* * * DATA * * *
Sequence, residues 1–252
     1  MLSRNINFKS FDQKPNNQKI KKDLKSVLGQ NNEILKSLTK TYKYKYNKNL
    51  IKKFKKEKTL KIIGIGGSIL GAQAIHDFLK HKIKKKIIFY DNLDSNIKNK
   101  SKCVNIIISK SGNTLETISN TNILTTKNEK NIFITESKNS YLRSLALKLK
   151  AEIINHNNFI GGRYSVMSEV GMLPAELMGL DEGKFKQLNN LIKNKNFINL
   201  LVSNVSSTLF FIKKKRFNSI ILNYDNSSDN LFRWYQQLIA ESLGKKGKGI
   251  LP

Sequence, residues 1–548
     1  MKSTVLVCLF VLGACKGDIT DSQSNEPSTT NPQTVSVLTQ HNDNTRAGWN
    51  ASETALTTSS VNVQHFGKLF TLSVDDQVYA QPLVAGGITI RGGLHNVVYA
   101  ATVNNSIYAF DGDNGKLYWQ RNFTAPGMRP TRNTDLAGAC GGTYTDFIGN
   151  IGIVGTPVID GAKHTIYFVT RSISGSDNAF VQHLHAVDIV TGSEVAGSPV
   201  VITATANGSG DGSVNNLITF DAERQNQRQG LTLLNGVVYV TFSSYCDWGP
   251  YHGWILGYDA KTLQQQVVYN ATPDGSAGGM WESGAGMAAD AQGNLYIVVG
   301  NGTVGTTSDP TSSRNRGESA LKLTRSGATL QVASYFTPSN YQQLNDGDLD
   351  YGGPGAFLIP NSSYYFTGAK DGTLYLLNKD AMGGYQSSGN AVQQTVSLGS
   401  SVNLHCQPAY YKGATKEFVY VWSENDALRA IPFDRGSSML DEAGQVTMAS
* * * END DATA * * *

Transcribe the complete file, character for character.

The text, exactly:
Sequence, residues 1–252
     1  MLSRNINFKS FDQKPNNQKI KKDLKSVLGQ NNEILKSLTK TYKYKYNKNL
    51  IKKFKKEKTL KIIGIGGSIL GAQAIHDFLK HKIKKKIIFY DNLDSNIKNK
   101  SKCVNIIISK SGNTLETISN TNILTTKNEK NIFITESKNS YLRSLALKLK
   151  AEIINHNNFI GGRYSVMSEV GMLPAELMGL DEGKFKQLNN LIKNKNFINL
   201  LVSNVSSTLF FIKKKRFNSI ILNYDNSSDN LFRWYQQLIA ESLGKKGKGI
   251  LP

Sequence, residues 1–548
     1  MKSTVLVCLF VLGACKGDIT DSQSNEPSTT NPQTVSVLTQ HNDNTRAGWN
    51  ASETALTTSS VNVQHFGKLF TLSVDDQVYA QPLVAGGITI RGGLHNVVYA
   101  ATVNNSIYAF DGDNGKLYWQ RNFTAPGMRP TRNTDLAGAC GGTYTDFIGN
   151  IGIVGTPVID GAKHTIYFVT RSISGSDNAF VQHLHAVDIV TGSEVAGSPV
   201  VITATANGSG DGSVNNLITF DAERQNQRQG LTLLNGVVYV TFSSYCDWGP
   251  YHGWILGYDA KTLQQQVVYN ATPDGSAGGM WESGAGMAAD AQGNLYIVVG
   301  NGTVGTTSDP TSSRNRGESA LKLTRSGATL QVASYFTPSN YQQLNDGDLD
   351  YGGPGAFLIP NSSYYFTGAK DGTLYLLNKD AMGGYQSSGN AVQQTVSLGS
   401  SVNLHCQPAY YKGATKEFVY VWSENDALRA IPFDRGSSML DEAGQVTMAS